But in order for students to effectively learn trades, they needed instruction from skilled workers. This is precisely what happened: many of the ragged schools began with more informal educational arrangements, in which skilled tradesmen took on destitute children as apprentices, and then gradually began to offer comprehensive instruction. As the movement became more formalized, schools emerged and met in whatever spaces organizers could find. Instructors in all disciplines, not just the tradesmen, were almost always working people from the area who volunteered their time. Working people made up a significant portion of the schools’ faculty.
The founders of the ragged schools understood that the poor are not poor just because they lack material wealth—poverty is much more complex. The poor are poor because they lack access to opportunity, which comes in the context of mutuality and interdependence. A fully trained young cobbler or tailor would have the skills needed to earn money, to provide for a family, to invest, and, eventually, to use philanthropically. The intellectual, moral, and professional mentorship given to a destitute child did not merely feed a mouth—it created a productive and flourishing citizen, both of the city of man and of the city of God.
By respecting these poor students as moral agents—with dignity, responsibility, and gifts to share with the world—the ragged schools formed citizens who could be motivated not merely by economic gain and escaping material poverty, but also by the calling to contribute more holistically and comprehensively to a flourishing society. The spiritual formation of the students was just as important as providing them with technical knowledge, and the former reality grounded the latter.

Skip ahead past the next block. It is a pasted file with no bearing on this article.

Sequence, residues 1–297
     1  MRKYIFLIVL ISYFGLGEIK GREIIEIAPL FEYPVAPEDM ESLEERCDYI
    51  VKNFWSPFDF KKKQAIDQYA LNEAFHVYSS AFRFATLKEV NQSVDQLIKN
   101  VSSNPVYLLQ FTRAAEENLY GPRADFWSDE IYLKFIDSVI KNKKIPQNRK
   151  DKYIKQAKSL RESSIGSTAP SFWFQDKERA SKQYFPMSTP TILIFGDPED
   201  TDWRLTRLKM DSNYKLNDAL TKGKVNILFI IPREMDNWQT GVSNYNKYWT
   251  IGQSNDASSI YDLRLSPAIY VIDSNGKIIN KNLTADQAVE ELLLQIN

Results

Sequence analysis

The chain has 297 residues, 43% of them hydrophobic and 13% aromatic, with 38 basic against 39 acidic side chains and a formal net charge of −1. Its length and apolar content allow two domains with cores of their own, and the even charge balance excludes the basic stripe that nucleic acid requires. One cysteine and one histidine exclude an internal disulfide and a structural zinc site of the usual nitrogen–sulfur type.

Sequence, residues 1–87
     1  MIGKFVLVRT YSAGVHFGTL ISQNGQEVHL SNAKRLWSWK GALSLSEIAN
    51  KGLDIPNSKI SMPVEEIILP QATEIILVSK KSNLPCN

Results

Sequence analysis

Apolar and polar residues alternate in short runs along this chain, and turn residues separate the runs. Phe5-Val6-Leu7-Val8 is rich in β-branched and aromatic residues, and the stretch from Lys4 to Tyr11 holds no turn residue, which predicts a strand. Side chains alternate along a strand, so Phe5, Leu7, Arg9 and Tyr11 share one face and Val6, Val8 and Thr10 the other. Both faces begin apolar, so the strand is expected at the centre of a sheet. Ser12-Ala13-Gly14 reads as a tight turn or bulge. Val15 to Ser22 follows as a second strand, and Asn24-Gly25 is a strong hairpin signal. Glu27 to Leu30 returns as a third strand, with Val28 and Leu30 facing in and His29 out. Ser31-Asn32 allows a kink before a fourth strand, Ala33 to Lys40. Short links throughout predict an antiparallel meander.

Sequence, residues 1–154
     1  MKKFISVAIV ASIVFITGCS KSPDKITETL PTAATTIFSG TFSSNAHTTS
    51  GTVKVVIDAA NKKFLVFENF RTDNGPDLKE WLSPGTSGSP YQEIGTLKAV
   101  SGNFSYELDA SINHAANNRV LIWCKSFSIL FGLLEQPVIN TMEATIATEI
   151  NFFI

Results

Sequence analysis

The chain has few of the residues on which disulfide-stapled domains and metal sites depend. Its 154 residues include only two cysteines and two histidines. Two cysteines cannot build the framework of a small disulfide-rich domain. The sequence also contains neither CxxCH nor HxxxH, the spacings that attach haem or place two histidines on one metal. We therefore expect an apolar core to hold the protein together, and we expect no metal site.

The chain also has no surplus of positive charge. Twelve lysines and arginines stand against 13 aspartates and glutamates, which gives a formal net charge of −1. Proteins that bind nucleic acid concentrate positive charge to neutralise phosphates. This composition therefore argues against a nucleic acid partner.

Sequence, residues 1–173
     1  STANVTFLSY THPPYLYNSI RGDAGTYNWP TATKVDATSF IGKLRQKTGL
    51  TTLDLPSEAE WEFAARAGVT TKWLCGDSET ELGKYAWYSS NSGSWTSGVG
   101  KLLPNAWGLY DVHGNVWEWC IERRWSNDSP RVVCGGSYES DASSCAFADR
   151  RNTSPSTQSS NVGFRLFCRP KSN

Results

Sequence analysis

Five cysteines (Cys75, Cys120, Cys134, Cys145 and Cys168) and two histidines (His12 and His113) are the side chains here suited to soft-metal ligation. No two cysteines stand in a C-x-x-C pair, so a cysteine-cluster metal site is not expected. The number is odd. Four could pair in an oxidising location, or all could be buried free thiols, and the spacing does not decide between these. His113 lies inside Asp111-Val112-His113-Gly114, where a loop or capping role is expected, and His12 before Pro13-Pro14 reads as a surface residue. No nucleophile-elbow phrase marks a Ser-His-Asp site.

How Ragged Schools Succeeded
By the time the ragged schools emerged, society’s conscience had awoken to the miseries of extreme poverty. How to address the plight of the destitute became a matter of serious policy debate. The Ragged School Union was formed when London’s population was less than 2 million; at its peak it consisted of 350 schools, 1,600 educators, and 26,000 pupils. Thanks to the ragged schools, reformers could do more than establish soup kitchens and shelters. Having been educated and qualified, the once ragged child had no need of soup kitchens, shelters, or charity, but could engage in industry.
Perhaps the most appealing feature of the ragged schools was that they were scalable. They relied on the community’s resources. The Ragged School Union did not import the best teachers from elite academies across Britain. Rather, they relied on the local knowledge, expertise, and connections that were present in the community already. Ragged schools were as varied as the neighborhoods in which they were situated; the model was adaptable to local contexts. Some schools trained tailors, and others trained cobblers, while still others trained blacksmiths. Some met every day, others in evenings, and still others just on Sundays. Local context shaped the delivery and identity of each school even if all ragged schools in the Ragged School Union were guided by the same fundamental and universal commitments.
This means that modern-day schools modeled on this formula will look different in different places. They must be adaptable to the varied resources, needs, and opportunities that are present in diverse areas. The more centralized and remote the decision-makers are, the less responsive they will be to local challenges and opportunities. Remember, Lord Shaftesbury as the chairman of the Ragged School Union saw firsthand the diversity of the schools and local contexts in which each operated.